A Very Different Egg

by Rev. Kay Ash

As many of you know, we had to reschedule our Easter children’s activities this year because of heavy rains. Despite the rescheduled time slot to the following Saturday, the event blossomed in wonderful ways. Can there possibly be anything better than children and families running through our “looks like paradise” Kessler Park UMC campus bursting with giggles? Clearly, the Holy Spirit is moving in this place!

The Kessler Park UMC Easter Parade and Egg Hunt event has been going on long before my time. Traditionally, the parade featured a local fire truck, police presence, marching band, antique cars, king & queen, a giant bunny and lots of toddlers with tricked-out tricycles or wagons. The parade route followed a two block rectangular pattern throughout our neighborhood and usually lasted about 20 to 25 minutes. After the parade, there were age level egg hunts across our large property and finally, a picnic in Robert’s Forest with the Hamburger Man.

Most people are not aware, however, of the process required to prepare for the Easter event, particularly, the parade. To describe the process as complex is truly an understatement. So that traffic can be interrupted by the parade, which takes place on the public streets of our neighborhood, we must obtain a special events permit from the City of Dallas. Each year the permit process has grown increasingly complex. More than a dozen documents had to be filed, multiple support personnel paid and large numbers of neighbors had to be personally notified. It took several months to complete the necessary steps and the cost reached into four figures.

We finally got the necessary permit, but then, the weather happened.

That Thursday after Palm Sunday was a sad, sad day. Since heavy rains were predicted at 100% for the following Saturday, our event day, we had to cancel and reschedule for the Saturday before Easter. All of the moving parts came to a screeching halt. Our date specific special events permit was no longer valid. It was time to make lemonade out of soggy, rain-soaked lemons!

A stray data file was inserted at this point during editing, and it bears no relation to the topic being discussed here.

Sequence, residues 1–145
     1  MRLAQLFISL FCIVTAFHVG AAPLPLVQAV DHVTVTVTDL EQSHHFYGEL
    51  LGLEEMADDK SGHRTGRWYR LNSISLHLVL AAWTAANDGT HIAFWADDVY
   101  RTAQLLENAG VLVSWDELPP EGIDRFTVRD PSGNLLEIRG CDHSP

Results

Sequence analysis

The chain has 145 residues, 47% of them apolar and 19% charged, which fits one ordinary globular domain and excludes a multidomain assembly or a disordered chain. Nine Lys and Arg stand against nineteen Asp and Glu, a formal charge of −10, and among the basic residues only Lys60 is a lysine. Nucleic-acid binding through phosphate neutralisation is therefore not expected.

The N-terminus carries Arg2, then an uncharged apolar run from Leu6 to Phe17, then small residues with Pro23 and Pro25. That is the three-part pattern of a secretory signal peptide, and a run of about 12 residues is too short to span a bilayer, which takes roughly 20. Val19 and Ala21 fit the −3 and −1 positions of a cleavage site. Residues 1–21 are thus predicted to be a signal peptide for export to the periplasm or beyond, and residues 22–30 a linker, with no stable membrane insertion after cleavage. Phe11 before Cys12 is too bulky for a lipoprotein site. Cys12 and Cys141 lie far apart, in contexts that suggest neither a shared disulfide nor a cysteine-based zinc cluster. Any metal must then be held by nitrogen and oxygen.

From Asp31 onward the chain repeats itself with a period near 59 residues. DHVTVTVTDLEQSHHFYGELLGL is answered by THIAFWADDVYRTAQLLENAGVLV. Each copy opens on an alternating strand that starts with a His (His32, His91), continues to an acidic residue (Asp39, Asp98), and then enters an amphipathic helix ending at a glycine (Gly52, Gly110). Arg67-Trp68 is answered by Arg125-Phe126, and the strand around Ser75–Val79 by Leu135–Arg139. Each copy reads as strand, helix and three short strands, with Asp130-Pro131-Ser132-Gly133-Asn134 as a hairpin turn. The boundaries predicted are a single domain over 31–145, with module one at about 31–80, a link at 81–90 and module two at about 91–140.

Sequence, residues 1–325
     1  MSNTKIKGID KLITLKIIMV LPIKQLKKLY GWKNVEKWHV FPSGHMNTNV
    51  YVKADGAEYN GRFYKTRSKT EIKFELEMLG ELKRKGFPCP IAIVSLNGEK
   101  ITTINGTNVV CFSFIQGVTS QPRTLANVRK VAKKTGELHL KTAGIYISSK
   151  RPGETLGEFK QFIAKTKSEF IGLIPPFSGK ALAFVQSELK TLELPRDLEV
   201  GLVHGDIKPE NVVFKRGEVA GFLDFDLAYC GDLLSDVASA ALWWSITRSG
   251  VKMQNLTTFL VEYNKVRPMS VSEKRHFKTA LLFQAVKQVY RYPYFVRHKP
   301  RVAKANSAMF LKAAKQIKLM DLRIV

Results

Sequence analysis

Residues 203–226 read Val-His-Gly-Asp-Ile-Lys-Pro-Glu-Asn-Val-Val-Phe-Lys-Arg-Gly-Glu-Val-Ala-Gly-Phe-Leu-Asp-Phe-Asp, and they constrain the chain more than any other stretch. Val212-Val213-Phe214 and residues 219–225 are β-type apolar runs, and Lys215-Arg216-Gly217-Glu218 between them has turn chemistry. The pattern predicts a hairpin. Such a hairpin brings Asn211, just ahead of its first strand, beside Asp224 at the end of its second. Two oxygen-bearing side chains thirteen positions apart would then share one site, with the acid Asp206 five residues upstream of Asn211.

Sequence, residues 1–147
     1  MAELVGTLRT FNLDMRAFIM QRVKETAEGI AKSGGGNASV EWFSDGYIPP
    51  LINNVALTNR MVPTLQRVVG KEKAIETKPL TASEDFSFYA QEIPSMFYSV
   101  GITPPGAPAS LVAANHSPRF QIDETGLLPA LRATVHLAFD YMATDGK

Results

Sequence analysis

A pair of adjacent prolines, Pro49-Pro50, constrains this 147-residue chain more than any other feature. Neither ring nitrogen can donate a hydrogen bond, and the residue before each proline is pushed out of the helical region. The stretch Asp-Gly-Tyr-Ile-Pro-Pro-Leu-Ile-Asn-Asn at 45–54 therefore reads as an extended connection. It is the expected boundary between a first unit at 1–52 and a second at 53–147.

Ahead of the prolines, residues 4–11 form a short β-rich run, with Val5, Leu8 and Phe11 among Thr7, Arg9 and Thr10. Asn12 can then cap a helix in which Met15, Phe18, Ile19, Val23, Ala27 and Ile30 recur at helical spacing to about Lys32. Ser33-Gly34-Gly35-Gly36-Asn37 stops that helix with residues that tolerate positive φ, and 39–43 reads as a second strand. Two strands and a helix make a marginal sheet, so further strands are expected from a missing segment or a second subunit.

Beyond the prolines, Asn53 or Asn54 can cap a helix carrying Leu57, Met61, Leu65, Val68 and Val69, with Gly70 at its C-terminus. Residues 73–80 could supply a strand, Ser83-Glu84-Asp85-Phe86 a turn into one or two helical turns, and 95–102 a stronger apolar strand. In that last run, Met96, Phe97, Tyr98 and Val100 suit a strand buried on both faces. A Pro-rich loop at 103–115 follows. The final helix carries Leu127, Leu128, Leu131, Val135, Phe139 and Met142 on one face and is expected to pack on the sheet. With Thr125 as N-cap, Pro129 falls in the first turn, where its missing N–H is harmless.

The following Saturday we put out tables of arts and crafts on the basketball court: you could decorate eggs with beans, or bling or yarn; you could paint with shaving crème or string beads into a cross. When the families arrived, something wonderful happened. Kids played, crafted and chatted while parents got caught up with their friends and neighbors. Our Easter event slowed down a little bit. I saw hugging, and picture taking, and neighbors complimenting each other’s children. I saw glue dripping, God-inspired works of art and little faces covered with melted Hersey’s kiss chocolate. In the mix of it all, one of our neighbors told me how proud she was of our church for flying the rainbow flags next to our yard sign. “All people are loved by God,” she said to me. As I gleefully agreed, I realized that the Kingdom of God was bubbling up right then and there onto our “looks like paradise” Kessler Park UMC campus. More than anything else, our annual Easter event has to provide time and opportunity for our neighbors to connect and to love each other, all to the glory of God.

It may take us some time to successfully reimagine what our annual Kessler Park UMC Easter time activities will look like over the next few years. With that said, it will be exciting to find new connections between ourselves and our neighbors. The Holy Spirit is surely on the move!